Esports’ long, hard road toward recognition and legitimacy in China

By Tao Mingyang Source:Global Times Published: 2019/8/26 18:48:40

The International 2019 Dota 2 tournament at the Mercedes-Benz Arena in Shanghai on August 20 Photo: Courtesy of Perfect World


Li Xiaodong Photo: Courtesy of People's Esports

With teams splitting up $34 million in prize money, the largest prize pool ever for an esports competition, the annual international tournament for Dota 2 came to a close at the Mercedes-Benz Arena in Shanghai on Sunday. 

Hosted by US video game developer, publisher and digital distribution company Valve Cooperation, The International is one of the biggest esports tournaments in the world. Dota fans and video games lovers from all around the globe tuned in to root for their favorite teams. 

Among these teams, Chinese esports teams and players have contributed much to promoting the industry in China, helping remove the stigma around video games and pushing esports into the mainstream of Chinese culture. 

Esports craze

At the final of Ti8 (The International 2018) in Vancouver, Canada, on August 26, 2018, Valve announced that the Ti9 would be held in Shanghai. 

For Ti9, four Chinese teams - Vici Gaming, PSG.LGD, Keen Gaming and Royal Never Give Up - and 14 other esports teams from around the world competed for the championship and the roughly $16 million that would go to the No.1 team. 

After four fierce battles with Team Liquid, OG from Europe won the championship to bring home the symbol of the winner - the Aegis of Champions. PSG.LGD from China came in at third place. 

On China's Twitter like social media platform Sina Weibo, Ti9 topics were trending. The tournament is a big deal in China as Chinese teams have previously won three championships and five second places. 

This is the first time that The International has been held in Asia, meaning Chinese Dota fans this year did not have to worry about time zone differences if they wanted to tune in to watch a match. 

Tickets to the actual matches were also a major topic of discussion and contention in China. 

According to entertainment ticketing platform Damai, 26,804 full-pass tickets to all the matches sold out in just 53 seconds of going on sale.

However, many netizens complained on Sina Weibo that they didn't get a chance to purchase a ticket before the servers crashed.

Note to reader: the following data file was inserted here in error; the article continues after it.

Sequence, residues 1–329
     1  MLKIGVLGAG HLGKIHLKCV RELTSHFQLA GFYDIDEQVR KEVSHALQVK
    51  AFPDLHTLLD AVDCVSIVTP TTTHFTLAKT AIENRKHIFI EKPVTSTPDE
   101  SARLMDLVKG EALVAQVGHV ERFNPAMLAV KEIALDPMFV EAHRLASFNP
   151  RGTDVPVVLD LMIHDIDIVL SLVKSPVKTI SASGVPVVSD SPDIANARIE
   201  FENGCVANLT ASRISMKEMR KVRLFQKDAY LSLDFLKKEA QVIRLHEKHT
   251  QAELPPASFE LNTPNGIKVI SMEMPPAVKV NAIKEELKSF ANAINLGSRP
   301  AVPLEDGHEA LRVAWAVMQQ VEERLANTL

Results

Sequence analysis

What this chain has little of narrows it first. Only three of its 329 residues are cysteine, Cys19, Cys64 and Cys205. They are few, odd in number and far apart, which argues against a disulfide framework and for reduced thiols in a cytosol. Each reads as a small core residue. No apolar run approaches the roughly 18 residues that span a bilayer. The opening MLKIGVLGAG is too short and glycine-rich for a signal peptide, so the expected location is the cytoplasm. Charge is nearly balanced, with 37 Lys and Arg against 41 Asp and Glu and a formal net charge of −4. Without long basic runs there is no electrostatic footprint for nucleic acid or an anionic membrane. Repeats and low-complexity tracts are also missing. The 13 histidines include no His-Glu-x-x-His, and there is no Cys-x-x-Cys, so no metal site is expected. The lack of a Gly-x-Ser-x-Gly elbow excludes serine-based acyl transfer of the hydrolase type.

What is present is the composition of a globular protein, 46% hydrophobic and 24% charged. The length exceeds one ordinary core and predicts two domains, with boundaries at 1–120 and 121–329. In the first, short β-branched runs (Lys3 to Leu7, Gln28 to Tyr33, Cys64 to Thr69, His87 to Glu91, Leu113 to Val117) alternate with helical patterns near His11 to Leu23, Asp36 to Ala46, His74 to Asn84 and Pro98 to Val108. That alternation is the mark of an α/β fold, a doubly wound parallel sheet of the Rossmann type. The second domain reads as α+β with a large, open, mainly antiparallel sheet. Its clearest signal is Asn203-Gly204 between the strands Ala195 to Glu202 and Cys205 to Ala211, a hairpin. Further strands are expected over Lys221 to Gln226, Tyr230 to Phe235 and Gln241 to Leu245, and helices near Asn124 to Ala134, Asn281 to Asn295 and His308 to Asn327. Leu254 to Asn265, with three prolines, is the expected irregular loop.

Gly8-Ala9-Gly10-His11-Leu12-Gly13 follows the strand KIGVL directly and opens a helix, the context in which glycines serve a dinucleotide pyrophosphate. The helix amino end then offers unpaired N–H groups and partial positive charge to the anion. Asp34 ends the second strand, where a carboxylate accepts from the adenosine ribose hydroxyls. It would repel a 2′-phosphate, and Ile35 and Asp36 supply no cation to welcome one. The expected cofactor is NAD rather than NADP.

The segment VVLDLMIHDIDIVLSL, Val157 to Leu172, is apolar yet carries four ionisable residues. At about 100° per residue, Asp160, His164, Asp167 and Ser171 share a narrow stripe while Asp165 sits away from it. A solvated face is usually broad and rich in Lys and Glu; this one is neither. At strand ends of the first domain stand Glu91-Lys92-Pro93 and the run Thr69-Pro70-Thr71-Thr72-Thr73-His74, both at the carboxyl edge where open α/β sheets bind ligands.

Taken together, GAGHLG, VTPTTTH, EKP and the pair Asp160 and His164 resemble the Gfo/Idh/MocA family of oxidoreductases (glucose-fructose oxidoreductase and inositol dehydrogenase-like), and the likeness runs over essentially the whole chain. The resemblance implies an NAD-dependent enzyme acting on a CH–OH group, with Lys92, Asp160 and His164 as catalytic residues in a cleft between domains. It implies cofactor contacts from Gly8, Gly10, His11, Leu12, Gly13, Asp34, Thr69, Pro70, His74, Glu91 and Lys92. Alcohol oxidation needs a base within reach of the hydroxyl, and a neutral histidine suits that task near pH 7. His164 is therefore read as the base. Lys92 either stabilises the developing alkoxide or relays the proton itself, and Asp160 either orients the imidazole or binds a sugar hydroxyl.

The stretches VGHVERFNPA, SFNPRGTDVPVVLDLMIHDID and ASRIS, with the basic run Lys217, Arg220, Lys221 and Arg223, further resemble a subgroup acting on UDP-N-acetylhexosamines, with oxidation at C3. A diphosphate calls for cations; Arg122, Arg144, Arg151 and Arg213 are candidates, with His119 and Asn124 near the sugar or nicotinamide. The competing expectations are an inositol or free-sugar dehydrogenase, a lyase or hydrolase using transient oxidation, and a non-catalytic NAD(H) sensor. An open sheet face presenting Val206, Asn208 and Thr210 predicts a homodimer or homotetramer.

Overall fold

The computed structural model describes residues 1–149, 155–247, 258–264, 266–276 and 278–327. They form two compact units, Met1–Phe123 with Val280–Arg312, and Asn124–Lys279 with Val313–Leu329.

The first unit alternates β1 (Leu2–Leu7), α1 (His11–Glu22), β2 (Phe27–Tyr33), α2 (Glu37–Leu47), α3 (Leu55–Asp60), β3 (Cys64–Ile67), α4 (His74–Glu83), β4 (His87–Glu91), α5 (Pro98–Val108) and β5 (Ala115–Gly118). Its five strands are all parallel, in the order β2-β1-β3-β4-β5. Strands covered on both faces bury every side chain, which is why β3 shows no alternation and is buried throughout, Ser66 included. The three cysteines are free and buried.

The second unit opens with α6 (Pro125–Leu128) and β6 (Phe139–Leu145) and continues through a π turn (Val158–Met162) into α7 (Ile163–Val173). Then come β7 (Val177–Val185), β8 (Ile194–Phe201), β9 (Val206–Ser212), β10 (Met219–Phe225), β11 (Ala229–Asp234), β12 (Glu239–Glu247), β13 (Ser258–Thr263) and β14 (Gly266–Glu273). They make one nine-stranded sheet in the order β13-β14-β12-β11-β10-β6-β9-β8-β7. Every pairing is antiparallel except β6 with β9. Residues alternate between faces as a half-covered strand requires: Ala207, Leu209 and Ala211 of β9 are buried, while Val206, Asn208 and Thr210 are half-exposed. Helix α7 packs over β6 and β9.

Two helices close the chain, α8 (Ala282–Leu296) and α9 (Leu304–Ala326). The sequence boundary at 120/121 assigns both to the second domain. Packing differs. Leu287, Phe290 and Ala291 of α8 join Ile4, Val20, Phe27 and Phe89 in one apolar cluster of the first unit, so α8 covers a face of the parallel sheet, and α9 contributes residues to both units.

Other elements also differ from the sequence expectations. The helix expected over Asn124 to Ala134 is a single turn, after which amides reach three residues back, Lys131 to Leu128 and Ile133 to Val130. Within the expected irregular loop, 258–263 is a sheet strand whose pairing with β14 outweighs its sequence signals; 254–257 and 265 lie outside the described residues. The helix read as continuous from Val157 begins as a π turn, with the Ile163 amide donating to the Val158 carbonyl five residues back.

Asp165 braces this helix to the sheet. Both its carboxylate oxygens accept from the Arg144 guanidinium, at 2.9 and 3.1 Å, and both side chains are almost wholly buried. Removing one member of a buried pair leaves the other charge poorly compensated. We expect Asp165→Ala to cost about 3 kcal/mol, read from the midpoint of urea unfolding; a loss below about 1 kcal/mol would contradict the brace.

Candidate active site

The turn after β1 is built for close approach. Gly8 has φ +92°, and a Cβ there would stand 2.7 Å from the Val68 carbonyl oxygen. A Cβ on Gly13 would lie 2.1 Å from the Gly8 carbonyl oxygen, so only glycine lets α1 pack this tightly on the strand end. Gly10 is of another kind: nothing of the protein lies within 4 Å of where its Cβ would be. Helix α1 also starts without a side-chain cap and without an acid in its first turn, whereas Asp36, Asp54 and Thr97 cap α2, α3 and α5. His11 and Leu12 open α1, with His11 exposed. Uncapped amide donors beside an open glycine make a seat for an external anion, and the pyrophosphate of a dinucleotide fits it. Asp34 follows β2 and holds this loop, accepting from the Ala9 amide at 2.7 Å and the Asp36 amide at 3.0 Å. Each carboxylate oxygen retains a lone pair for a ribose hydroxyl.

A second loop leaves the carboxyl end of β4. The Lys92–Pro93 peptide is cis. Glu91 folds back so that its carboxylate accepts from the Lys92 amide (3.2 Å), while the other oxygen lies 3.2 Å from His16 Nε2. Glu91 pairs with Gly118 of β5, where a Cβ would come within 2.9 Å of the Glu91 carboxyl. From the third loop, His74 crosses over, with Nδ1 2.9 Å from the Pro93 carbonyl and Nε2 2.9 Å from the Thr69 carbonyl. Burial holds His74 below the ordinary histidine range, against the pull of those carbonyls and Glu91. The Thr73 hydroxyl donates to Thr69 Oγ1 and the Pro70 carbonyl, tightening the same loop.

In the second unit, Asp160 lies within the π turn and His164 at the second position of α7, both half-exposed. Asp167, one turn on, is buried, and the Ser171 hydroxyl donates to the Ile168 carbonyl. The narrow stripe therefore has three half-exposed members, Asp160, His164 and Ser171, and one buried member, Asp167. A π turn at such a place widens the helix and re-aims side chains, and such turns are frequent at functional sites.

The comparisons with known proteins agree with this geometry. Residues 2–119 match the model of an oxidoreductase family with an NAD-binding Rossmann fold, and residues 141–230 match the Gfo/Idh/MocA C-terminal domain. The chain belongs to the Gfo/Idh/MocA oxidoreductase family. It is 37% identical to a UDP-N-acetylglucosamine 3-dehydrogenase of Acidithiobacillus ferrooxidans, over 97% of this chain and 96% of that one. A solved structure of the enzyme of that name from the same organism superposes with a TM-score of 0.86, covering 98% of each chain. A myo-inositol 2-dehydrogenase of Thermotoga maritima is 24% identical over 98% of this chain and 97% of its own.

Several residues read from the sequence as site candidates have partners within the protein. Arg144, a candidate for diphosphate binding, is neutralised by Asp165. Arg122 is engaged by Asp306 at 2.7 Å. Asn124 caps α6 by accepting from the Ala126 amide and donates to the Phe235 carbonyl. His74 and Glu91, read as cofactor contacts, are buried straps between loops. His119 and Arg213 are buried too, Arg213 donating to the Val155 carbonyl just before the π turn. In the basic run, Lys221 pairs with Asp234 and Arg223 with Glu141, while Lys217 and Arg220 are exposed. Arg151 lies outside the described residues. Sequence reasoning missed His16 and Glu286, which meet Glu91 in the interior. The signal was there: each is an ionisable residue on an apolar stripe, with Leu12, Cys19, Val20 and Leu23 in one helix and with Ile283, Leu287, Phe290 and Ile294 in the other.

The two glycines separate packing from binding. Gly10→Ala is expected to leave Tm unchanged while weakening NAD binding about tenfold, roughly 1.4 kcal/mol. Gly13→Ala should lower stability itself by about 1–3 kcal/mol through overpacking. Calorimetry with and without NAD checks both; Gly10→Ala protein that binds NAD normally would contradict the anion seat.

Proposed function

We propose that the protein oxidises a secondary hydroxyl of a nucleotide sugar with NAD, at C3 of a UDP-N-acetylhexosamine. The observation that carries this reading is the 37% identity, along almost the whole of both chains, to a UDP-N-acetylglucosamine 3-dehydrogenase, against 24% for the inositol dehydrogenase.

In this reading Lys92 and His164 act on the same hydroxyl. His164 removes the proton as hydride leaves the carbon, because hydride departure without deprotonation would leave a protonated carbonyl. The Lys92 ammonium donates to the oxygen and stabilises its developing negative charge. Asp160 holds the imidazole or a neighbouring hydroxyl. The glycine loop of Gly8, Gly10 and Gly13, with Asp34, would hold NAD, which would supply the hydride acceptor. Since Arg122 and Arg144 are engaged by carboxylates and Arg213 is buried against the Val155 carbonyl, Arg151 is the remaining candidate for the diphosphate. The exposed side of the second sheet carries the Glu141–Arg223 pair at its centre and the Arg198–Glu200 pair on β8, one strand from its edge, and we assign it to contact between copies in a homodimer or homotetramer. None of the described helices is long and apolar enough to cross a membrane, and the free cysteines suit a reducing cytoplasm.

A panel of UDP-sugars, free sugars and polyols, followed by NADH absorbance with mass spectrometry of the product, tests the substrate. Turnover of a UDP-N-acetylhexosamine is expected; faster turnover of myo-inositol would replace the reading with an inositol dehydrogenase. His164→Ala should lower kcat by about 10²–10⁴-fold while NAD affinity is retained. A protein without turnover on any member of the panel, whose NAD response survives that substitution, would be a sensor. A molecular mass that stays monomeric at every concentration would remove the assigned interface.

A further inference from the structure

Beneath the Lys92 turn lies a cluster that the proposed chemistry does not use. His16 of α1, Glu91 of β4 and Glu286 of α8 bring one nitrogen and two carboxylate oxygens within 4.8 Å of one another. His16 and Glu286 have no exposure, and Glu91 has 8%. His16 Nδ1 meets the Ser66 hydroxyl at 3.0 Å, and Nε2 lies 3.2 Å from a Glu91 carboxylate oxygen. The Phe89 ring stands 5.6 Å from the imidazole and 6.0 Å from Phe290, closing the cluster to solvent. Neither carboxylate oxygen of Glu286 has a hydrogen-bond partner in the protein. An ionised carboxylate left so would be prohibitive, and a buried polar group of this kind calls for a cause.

Many netizens suspected that these tickets were picked up by scalpers because Dota began selling them prior to the original scheduled release date. 

Some netizens said the resale price for a front row ticket reached as high as 12,000 yuan ($1,691), which reflects the high popularity of the game in China. 

From villain to hero

Video games and esports haven't always been as accepted as they are today in China.  

For instance, in 2000 an article was published in Chinese newspaper the Guangming Daily titled Video Games: "Digital Heroin" Targeting Children. The article was an undercover investigation into internet cafes and portrayed video games as "devils" and "monsters." 

"I remembered when I was about 8 years old, many reports about video games were negative," said Li Changxiao, a 25-year-old video game lover. 

"Internet cafes were seen as the equivalent to a night club full of bad guys… I never imagined at the time that video games and esports could become as popular as they are now in China."

Several wins in the past few years have helped raise the profile of esports considerably. 

In 2018, a Chinese esports team won two gold medals and one silver medal at the Jakarta Palembang 2018 Asian Games; Chinese esports team IG defeated all international opponents at the 2018 League of Legends World Championship; in the Overwatch World Cup 2018, Chinese team managed to win second place. 

These wins have helped inject confidence into the industry and give professional players in China an air of legitimacy. 

"The fact that such a high-level esports match can be held in Shanghai shows the maturity of the environment, market and industry chain of China's esports," Xiao Hong, CEO of Valve's cooperative partner in China Perfect World, told the Global Times. 

"We are very confident that we will hold more international esports matches in the future and build China into the largest and best esports market."

'Right on track'

Li Xiaodong, director of the operation center for the State-run People's Esports, has gone to great lengths to promote China's esports industry, such as establishing the People Premier League and organizing esports matches.

"The negative image of esports is a label created by people who have no idea what a video game is," said Li. 

"Esports was recognized as a formal sport by China's General Administration of Sports in 2003. Since then Chinese esports have been developing right on track."

Li noted that related institutions need to ensure that esports in China continue to develop in the right direction. 

"Such as establishing game ratings and ensuring game companies carry out their social responsibilities. This is all necessary," said Li. 

"Even at schools, teachers and parents have jobs to do."

Newspaper headline: Not playing around


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